Classification of diseases

The International Classification of Diseases is rather well suitable for the tasks of health care administration, but there is a definite shortcoming in terms of clinical requirements. The latest revision, the ICD-10, is a considerable progress, but it remains a statistical classification, not a scientific classification.
The change of ICD-9 to ICD-10 is executed worldwide only slowly. In Germany we did this in 2000, in Austria they changed 2001, in China last year. Each change of a classification causes great efforts and high costs, because all documentation and administration systems as well as reimbursement systems have to be adapted. For that our recommendation for Kenya is to start with ICD-10.

The new classification consists of 21 chapters and provides alphanumeric codes up to 5 digits. The chapters 1-18 cover all diseases ordered by anatomic site. Chapter 15 is used for obstetrics. Chapter 19 contains the classification for injuries and poisoning. The last two chapters are not used to encode diagnoses. Chapter 20 provides a classification for external causes of morbidity and mortality like accidents or injuries (for example traffic accidents). Chapter 21 is used for the encoding of "factors influencing health status and contact with health services", e.g. demands of the health care system by healthy persons, for example in order to get a prophylactic vaccination.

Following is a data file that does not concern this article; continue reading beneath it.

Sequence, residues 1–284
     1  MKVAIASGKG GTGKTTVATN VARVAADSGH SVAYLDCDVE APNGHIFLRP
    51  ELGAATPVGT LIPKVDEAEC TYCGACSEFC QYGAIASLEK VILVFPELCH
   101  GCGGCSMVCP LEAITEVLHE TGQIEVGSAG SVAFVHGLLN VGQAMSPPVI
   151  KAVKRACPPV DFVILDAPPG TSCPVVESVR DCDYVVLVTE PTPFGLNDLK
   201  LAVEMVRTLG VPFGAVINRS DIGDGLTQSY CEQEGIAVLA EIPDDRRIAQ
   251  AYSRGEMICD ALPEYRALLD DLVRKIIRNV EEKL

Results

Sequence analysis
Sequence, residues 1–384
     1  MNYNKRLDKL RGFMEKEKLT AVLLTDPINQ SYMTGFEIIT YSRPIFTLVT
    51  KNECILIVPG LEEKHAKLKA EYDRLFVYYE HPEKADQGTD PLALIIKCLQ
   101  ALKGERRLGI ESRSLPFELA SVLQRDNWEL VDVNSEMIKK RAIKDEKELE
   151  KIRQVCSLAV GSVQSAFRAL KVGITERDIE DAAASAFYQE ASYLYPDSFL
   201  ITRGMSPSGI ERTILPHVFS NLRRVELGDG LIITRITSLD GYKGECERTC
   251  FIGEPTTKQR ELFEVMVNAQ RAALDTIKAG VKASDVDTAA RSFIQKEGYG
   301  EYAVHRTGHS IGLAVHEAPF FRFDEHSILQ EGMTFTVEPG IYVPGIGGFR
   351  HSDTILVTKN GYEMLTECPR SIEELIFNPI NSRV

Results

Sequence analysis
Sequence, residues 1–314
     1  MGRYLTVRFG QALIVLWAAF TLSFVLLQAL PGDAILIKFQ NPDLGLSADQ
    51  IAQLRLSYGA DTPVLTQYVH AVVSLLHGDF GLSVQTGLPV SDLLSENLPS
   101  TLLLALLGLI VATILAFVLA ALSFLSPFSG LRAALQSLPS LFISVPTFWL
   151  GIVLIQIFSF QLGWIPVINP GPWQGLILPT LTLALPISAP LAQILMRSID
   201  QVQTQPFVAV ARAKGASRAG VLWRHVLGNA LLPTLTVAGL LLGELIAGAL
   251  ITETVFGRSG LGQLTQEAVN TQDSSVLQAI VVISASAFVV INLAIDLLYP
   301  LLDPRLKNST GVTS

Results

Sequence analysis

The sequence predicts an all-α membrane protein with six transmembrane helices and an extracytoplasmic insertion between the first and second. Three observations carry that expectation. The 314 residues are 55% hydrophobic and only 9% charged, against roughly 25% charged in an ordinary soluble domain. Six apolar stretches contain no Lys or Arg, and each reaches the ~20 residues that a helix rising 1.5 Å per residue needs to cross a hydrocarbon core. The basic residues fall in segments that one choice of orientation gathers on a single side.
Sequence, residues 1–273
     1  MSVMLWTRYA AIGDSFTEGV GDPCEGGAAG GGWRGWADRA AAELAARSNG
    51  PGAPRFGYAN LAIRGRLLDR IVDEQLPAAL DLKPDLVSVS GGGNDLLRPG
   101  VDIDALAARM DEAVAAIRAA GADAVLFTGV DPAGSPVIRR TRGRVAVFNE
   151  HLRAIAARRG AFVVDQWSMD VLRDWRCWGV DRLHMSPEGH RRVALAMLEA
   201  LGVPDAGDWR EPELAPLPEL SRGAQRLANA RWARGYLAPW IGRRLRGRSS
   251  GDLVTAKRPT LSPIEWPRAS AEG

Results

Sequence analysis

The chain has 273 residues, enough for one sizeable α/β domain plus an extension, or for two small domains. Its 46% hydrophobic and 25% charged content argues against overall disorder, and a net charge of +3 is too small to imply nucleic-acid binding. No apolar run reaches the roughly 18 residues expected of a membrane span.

In certain specialised medical departments there is a need for a much more detailed documentation.
For example in oncology a special classification system has been developed and published by WHO either, called "International Classification of Diseases for Oncology (ICD-O)", meanwhile the second edition. Tumour location and histological type were encoded separately. The tumour stage can be stated by means of the TNM-classification provided by the International Union against Cancer (UICC).
Also the classification of bone fractures by means of ICD-10 is unsatisfactory. A very sophisticated classification system is provided by the Society of osteosynthesis (AO). Our company did a lot of work to make these systems compatible with the ICD-10.

For the acceptance in hospitals it is necessary to generate ICD-10 codes automatically from the workflow of clinical documentation.
Med-I-Class GmbH provides a graphical encoding system, fulfilling the needs of physicians as well as administration persons. The problem of the transformation of special classifications to the ICD-10 and migration from ICD-9 is solved.